Martin Luther was a very serious and learned German monk. Sometime in the 1510’s, while he was in his early thirties he was assigned to the Wittenberg University in Germany to be an Old Testament scholar. The university was in the Cathedral of Wittenberg, The cathedral had a lot of priests but they had no one assigned to be the priest for the people, to preach, hear confessions, baptize, commune, etc…They assigned this task to the serious young monk and Old Testament professor, Luther. Continue reading Reformation Then, Now and Always
Sunday November 12, come to Messiah for the largest fundraiser this year for the HEART Food Pantry, heartfoodpantry.org.
3:30 Multiple Church Choir Festival-great fun
4:30-6:00 Great Turkey Dinner, fixings and dessert. Eat in or Carry Out, tickets for dinner can be purchased at Messiah before or on the day of dinner. $9 for Adults and $5 children, under 5 free!
All Day Sunday, November 12, Silent Auction, Party Wagon Raffle- Unbelievable offerings in the Silent Auction, over $5000 in gift cards, trips, crafts, tickets, memorabilia and more. Do your Christmas Shopping here. Party Wagon will be a hit for your holiday parties, a wagon full of great Spirits yours for the taking.
I am not sure whether my childhood experience of the church was normal or not, but I worshipped at a lot of churches when I was a kid. We were always active members at a Lutheran Church, that looked a lot like this one. Since most of my neighborhood was Roman Catholic, after sleepovers I attended quite a few masses. It was weird, it looked similar, but there seemed to be a lot of differences, too. Their priest sang a lot, our pastor never did that. I loved that the priest only preached for about five minutes, but I was not as enthusiastic with all the prayers and singing that surrounded communion every time they worshipped.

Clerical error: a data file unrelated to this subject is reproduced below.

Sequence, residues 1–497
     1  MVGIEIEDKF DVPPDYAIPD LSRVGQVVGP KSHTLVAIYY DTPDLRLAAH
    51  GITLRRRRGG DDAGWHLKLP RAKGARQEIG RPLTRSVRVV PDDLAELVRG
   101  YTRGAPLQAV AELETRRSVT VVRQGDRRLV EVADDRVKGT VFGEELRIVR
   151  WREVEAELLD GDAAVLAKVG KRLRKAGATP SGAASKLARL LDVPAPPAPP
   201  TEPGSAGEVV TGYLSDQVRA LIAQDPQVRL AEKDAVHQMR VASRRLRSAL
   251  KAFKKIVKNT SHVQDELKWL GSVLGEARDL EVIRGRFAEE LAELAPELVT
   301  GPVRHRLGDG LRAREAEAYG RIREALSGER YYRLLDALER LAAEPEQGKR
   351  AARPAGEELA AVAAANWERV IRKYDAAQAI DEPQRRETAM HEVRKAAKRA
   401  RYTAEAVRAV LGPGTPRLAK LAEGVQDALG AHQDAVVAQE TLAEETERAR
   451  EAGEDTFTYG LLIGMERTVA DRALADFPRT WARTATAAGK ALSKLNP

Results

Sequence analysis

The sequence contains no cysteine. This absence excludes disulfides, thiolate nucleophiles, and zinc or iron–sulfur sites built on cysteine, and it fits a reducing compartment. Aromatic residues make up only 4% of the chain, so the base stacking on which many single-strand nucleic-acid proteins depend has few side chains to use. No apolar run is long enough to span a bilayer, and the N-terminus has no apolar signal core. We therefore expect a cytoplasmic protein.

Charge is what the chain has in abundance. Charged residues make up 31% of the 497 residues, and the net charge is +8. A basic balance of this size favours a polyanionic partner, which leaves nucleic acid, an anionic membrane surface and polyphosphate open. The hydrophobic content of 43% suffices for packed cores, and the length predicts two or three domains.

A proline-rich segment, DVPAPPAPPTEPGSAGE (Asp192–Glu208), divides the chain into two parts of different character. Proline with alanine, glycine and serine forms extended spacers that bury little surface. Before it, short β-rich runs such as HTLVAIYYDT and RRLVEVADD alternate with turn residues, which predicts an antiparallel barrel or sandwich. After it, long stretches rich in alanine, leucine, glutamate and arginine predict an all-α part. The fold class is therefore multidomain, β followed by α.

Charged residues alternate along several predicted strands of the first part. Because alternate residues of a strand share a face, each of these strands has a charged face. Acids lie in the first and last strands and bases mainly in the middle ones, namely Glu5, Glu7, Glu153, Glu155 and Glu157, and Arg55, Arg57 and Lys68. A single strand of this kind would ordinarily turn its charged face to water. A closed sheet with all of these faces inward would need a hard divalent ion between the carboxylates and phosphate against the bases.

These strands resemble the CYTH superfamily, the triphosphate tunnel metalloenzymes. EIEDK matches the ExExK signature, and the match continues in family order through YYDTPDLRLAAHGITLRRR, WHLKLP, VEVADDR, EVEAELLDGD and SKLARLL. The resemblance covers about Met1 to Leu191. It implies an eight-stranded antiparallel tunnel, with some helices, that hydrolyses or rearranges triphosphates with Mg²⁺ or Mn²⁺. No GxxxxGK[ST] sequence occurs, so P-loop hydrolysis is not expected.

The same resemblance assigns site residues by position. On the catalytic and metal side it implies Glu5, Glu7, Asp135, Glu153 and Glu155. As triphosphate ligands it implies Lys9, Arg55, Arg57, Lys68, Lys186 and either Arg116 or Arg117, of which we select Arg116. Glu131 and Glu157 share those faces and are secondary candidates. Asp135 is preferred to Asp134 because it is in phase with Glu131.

We bought a cottage and we went first to a local Lutheran church nearby. At the door they asked us whether we were a part of the Missouri Synod, which is a kind of Lutheran I didn’t even know existed. My parents seemed to understand the question and told him no. The man smiled and said we were welcome to worship with them, but since this was a communion Sunday, we were not welcome to take communion with them. Maybe, it would be better if we just came back another day. We left and didn’t come back.
Weekends in the summer we started going to a little white clapboard Baptist country church. There was about 30 of us there on a good day. Unlike the Catholic service that I never seemed to quite know what was going on, this service was easy to follow. We sang, and prayed, and sang then listened. The church had an ancient preacher, who was probably about 65, but he was funny in a down home kind of way. The thing that stood out was that he could get going in his preaching. No Lutheran pastor I ever heard had that kind of energy. He must never have been long winded, though because my dad had no patience for a worship service that went over an hour. The cool thing was that when he was done, we were done. We just pretty much said Amen, sang the Old Rugged Cross and were free to go.
My best friend went to a Church of Christ congregation. It was a big modern building that looked more like a school to me than a church. We had worship in what I would have called a cafeteria. I went nearly every Wednesday night to church with him. They had education for kids and adults then a full blown worship service, right in the middle of the week. Who does that? I liked the first part. We were Whirlybirds for Jesus. The worship service though was painful. It was like the Baptist one I knew but this pastor preached a lot longer and was never very funny, like the old guy. Amazing to me was that my friend’s dad seemed perfectly okay with it going on for an over an hour, on a Wednesday no less. I told my grandma about it. She was raised Baptist in southern Illinois. She told me I got the whole cow at that church and laughed.